IU, Regenstrief study: Early home health worker visit lowers risk of hospital readmission
INDIANAPOLIS – A visit by a home health worker, such as a nurse or physical therapist, within a week of an older adult's discharge from a skilled nursing facility appears to lower the risk of hospital readmission within 30 days by nearly half according to a new Indiana University Center for Aging Research and Regenstrief Institute study.
Appointments with physicians, physician assistants or a nurse practitioner at the clinician's office — more expensive and a greater burden to the patient as well as the caregiver–did not have as strong an association with reduced risk of 30-day hospital readmission.
As duration of hospital stays decreases, a significant number of older adults are not ready to return home when they leave the hospital following procedures such as hip surgery or knee replacement or after a debilitating illness. One in five are discharged to one of the nation's 15,000 skilled nursing facilities, known as SNFs (pronounced sniffs).
SNFs are intended for short-term stay (under 100 days) following hospital discharge to provide the medical, rehabilitation and other support that family and caregivers are not trained or equipped to provide. Commencing in 2018 Medicare will penalize SNFs as well as the hospital that treated the patient if re-hospitalization occurs within 30 days of discharge from the hospital.
"Transitions From Skilled Nursing Facility to Home: The Relationship of Early Outpatient Care to Hospital Readmission" is published online ahead of print in JAMDA. The study looks at over 1500 community-dwelling older adults who were discharged to a SNF prior to returning home. How likely were these fragile individuals to be re-hospitalized within 30 days — an outcome that is bad for the older adult and costly to the US healthcare system?
"A hospital admission is a stressful event for an older adult, and when they go home our duty is to ensure they have all the tools they need to successfully remain independently at home. We conducted this study of over 1500 community-dwelling older adults because patient characteristics and other factors that can help to prevent the older adult's return to the hospital are poorly understood," said IU Center for Aging Research and Regenstrief Institute investigator Jennifer Carnahan, MD, MPH, an IU School of Medicine assistant professor of medicine who led the study. "We took a detailed look at the factors that potentially affect readmission and found that having a home health worker visit immediately after leaving a SNF was the factor that was most significantly associated with reduced rate of hospital readmission within 30 days of returning home."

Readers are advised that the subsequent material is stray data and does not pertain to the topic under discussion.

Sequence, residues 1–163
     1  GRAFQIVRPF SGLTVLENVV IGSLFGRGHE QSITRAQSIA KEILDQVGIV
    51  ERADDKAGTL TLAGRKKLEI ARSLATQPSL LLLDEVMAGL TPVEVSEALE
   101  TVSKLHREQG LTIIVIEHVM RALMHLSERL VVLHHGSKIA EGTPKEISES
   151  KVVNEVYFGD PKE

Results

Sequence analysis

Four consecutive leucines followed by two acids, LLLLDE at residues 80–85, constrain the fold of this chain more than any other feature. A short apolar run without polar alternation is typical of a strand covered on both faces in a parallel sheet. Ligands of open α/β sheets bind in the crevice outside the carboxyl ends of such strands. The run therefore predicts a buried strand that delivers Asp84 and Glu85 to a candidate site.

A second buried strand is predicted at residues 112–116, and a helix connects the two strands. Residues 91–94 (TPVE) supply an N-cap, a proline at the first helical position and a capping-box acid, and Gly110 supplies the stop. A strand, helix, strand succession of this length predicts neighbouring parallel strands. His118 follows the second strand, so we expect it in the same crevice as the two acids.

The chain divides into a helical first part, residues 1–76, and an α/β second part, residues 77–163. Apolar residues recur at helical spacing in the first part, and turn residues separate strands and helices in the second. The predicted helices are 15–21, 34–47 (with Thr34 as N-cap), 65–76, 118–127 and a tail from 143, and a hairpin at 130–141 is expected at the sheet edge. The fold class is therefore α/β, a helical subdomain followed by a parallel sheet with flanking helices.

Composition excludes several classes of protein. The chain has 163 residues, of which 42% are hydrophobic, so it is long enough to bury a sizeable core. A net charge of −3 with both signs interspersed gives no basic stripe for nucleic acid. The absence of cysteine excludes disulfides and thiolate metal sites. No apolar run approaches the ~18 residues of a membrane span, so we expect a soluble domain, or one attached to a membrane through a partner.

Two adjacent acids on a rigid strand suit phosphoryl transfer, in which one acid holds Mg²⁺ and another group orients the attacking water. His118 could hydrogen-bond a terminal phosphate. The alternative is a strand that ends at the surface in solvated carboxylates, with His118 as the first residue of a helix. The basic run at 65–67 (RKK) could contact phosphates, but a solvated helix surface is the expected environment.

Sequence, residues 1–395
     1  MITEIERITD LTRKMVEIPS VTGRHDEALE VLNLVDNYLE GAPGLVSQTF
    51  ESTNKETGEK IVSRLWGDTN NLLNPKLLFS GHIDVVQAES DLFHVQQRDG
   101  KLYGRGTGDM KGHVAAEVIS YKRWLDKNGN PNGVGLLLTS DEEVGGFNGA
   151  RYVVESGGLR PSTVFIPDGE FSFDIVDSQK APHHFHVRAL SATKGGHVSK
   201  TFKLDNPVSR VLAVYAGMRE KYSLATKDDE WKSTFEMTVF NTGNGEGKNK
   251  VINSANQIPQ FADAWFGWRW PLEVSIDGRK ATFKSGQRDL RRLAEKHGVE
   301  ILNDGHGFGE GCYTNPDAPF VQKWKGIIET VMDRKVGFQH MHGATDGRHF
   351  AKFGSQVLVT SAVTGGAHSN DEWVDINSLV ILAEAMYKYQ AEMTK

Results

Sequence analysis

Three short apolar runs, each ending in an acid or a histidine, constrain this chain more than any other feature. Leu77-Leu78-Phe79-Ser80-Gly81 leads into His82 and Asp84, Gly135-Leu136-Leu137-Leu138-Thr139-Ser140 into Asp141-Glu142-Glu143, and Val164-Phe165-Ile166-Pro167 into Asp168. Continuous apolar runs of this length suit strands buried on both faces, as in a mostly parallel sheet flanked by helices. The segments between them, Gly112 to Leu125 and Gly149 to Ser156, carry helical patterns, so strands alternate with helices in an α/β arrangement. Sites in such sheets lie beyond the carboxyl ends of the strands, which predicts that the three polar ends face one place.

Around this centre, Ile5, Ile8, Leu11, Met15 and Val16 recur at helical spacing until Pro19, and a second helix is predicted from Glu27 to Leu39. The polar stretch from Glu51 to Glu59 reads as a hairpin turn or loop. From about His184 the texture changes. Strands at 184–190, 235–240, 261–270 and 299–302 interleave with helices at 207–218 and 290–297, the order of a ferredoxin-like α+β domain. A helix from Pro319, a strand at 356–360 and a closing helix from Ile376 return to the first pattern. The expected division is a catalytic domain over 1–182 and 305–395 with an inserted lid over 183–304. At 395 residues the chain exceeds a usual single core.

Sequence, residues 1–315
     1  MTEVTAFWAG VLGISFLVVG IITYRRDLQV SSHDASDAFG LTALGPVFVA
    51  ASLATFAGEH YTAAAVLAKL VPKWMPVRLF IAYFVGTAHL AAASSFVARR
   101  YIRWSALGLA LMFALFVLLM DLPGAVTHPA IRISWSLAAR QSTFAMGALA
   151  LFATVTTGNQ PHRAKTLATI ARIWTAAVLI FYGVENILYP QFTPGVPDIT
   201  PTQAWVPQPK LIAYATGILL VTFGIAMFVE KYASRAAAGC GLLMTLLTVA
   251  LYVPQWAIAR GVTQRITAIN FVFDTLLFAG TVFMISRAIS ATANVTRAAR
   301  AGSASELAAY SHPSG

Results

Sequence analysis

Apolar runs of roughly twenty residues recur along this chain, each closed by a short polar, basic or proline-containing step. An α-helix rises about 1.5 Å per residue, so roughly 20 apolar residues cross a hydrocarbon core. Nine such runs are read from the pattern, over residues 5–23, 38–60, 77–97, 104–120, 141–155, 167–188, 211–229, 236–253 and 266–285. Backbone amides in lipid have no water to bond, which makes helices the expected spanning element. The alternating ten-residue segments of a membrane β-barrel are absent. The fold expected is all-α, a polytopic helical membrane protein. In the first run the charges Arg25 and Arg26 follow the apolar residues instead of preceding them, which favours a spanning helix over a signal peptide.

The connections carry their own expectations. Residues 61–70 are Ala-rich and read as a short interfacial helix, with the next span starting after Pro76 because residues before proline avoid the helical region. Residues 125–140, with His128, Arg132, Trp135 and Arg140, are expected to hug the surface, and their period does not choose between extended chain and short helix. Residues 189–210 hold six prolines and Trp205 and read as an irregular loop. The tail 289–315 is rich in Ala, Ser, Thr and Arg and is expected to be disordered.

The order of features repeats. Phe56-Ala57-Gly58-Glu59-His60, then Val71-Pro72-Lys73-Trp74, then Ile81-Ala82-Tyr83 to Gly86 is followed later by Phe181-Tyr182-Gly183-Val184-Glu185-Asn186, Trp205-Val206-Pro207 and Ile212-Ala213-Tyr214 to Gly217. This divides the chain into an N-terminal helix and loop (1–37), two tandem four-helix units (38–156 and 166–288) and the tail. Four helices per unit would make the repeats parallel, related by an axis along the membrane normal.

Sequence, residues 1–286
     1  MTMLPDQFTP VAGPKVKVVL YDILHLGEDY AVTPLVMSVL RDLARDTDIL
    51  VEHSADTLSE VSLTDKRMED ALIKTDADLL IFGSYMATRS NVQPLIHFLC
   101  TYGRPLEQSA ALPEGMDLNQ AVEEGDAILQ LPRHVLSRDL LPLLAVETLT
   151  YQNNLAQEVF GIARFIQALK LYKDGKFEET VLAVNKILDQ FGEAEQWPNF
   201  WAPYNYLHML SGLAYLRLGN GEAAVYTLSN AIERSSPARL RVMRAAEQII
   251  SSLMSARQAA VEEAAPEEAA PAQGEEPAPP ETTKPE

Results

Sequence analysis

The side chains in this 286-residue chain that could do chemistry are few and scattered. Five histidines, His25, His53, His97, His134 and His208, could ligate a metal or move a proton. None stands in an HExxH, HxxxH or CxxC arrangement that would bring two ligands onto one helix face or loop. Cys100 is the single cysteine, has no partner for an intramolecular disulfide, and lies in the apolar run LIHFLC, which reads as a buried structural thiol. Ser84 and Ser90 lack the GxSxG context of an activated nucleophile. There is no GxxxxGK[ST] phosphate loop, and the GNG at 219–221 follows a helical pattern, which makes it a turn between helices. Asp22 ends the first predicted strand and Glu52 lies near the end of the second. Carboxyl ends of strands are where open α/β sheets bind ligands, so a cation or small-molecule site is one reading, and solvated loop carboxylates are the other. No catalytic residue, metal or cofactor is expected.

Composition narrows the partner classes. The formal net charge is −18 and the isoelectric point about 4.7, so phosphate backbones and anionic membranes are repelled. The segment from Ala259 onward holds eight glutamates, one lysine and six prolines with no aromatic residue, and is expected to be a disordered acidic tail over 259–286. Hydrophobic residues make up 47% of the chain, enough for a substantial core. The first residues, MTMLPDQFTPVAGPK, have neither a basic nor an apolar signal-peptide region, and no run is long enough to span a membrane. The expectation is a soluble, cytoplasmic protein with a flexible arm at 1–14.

Dr. Carnahan notes that in past studies, researchers reported that following up with a physician or other clinical provider was important but that she and the fellow authors of the new study found that, at most, those results are equivocal.
"We aren't saying that seeing your physician after discharge from the SNF isn't important," said Dr. Carnahan, a geriatrician. "We are saying that having a home health worker visit as soon as you return home appears to be more significant in reducing hospital readmissions. If I were a family member advocating for my loved one, I would be really focused on making sure that not a lot of time passes after SNF discharge before a home health worker visit."
Home health worker visits are typically arranged by the SNF staff prior to the older adult's discharge to home.
"We hope these findings will encourage policy makers to make home health care more widely available. An early home health visit may be a great way to improve the chances that the older adult won't need to come back to the hospital so soon." says study senior author, Alexia Torke, MD, associate director of the IU Center for Aging Research, Regenstrief Institute investigator and associate professor medicine at IU School of Medicine.
The JAMDA study was conducted with support from The John A. Hartford Foundation and the National Institute on Aging. Authors, in addition to Dr. Carnahan and Torke, are James E. Slaven, MS, of the IU School of Medicine; Christopher Callahan, MD, founding director of the IU Center for Aging Research, Regenstrief Institute director of aging research and Cornelius and Yvonne Pettinga Professor of Medicine at IU School of Medicine; and Wanzhu Tu, PhD, a Regenstrief Institute investigator and IU School of Medicine professor of biostatistics.
Cindy Fox Aisen